- Sweet Corn: I finally figured out how to successfully grow sweet corn! I start it indoors at the beginning of May and transplant it under a plastic hoop, removing the hoop when the corn gets too tall. Once the ears form, I wait until the last minute to harvest it. (It takes a long time for the ears to mature in our cool weather.) This year, I used a variety called “Spring Treat”. It made much larger ears than the “Yukon Chief ” variety that was developed in Alaska.
- Broccoli: I planted way too much broccoli this year and enjoyed a lot of it over the last couple of months. Big heads and lots of side-shoots this summer.
- Cabbage: The cabbage did ok this summer. I grew several different varieties, including storage cabbage, “giant cabbage” (OS Cross), and red cabbage. We had a wet fall, and the slugs went crazy on the cabbage. I harvested the gaint cabbage before the slugs affected them, and the storage cabbages tend to not get terribly damaged. In terms of storage cabbage, I may have planted them too closely together. I’ve used “Storage #4” variety for the last several years. They store very well, but they mature late and I’m not sure if they’re going to form good heads before the frost.
- Squash and Pumpkins: I tried squash, zucchini, and pumpkins again this year, but I placed them in a different spot. I tilled a new area of the yard and mounded the soil and covered the mounds with clear plastic. Unfortunately, I don’t think the plants got nearly enough water during the early part of the summer. None of the squash, zucchini, or pumpkins matured enough this year. They definitely need to be grown under plastic hoops in a warm location.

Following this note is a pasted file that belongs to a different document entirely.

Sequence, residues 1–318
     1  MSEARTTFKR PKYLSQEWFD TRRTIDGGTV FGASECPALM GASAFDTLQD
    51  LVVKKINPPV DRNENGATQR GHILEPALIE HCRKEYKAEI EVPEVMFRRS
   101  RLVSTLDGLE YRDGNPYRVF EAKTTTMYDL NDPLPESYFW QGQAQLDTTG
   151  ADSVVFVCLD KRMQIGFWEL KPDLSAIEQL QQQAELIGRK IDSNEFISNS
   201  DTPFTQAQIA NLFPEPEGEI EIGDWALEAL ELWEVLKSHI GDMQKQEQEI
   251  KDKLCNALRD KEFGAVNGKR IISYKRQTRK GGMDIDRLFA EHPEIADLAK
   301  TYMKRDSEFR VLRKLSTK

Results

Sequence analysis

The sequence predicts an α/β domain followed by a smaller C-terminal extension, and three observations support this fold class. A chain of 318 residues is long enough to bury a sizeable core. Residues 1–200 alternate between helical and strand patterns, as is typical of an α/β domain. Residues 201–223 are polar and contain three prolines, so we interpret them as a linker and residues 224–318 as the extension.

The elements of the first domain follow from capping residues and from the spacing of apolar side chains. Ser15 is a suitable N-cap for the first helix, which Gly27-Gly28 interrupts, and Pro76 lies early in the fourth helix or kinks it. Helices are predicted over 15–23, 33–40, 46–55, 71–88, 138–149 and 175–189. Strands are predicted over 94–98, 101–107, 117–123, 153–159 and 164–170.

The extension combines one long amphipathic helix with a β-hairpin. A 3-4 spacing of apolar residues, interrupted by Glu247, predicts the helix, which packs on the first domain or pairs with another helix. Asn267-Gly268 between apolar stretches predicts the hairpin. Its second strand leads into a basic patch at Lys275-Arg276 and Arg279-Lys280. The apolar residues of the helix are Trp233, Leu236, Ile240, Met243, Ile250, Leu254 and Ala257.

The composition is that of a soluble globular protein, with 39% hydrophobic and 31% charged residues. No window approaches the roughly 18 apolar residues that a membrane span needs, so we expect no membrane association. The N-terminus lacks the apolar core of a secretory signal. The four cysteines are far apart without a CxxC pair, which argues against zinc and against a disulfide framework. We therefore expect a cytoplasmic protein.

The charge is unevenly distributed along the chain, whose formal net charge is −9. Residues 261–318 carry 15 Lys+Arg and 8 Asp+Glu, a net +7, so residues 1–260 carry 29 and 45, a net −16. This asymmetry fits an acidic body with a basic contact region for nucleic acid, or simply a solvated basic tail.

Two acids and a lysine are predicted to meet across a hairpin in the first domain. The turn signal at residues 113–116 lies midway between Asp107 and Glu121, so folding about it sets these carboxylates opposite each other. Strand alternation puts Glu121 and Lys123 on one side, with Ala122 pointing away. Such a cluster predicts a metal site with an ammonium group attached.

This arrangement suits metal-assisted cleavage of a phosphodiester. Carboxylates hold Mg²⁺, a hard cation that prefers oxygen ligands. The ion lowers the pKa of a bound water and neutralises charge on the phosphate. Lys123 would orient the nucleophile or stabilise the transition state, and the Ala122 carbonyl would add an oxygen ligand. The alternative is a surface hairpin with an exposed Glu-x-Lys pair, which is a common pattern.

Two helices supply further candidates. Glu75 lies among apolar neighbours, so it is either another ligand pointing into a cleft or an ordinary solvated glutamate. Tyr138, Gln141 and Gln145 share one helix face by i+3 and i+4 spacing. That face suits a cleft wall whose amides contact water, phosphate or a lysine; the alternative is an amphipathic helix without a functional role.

- Carrots: I started the carrots about a month late due to a failed planting idea. However, they grew fast and we’ll have plenty of carrots this year. I’m going to leave them in the ground for a lot longer this year — until we get a few frosts.
- Lettuce and Kale: The lettuce and kale did well this year. I tried another “baby salad mix”, but it bolted very quickly. I hardly got any cuttings out of it. The romaine and kale did very well; the only problem is that the romaine is not ready until mid-July, so we were a little short on salad greens for the first part of the summer.
- Gooseberries: My dad has a couple of healthy gooseberry plants that produce red gooseberries. The taste is exquisite, and they grow to be almost the size of grapes. I easily picked three pounds off of the bushes, and will be trying a 1 gallon batch of gooseberry mead soon! (I’ll let you know how it turns out!)
Yesterday a black bear got into our chicken coop. I was at work, and Ashlee came home from dropping Elias off at school to see the black bear in the chicken run with a chicken in its mouth. She grabbed River and drove down to her mom’s house to call her brother-in-law. He came over, grabbed a gun, and went up the hill to our property and shot the bear.
In that fifteen minute span, the black bear (who was pretty small) got inside the coop through the chicken door. The carnage was indescribable. Truly awful. The bear killed or maimed 22 of my chickens. Only five survived: two meat chickens and three of the laying hens. The meat birds were only days away from being butchered, so I spent yesterday afternoon putting well over 100 lbs of chicken meat into the garbage can — a waste of hundreds of pounds of chicken feed, and months of work.
Needless to say, I’m disheartened. It’s the second troublesome bear we’ve had hanging around this year. Between our steep lot, our bear problems, and the short growing season of living in Alaska, there’s a whole extra layer of difficulty added to the passions I’m trying to pursue, and it’s hard not to get frustrated…
Worse, Elias called me while I was coming home from hunting last night, crying and telling me how much he misses his chickens. His heartbreak was, in many ways, the worst part of the whole ordeal.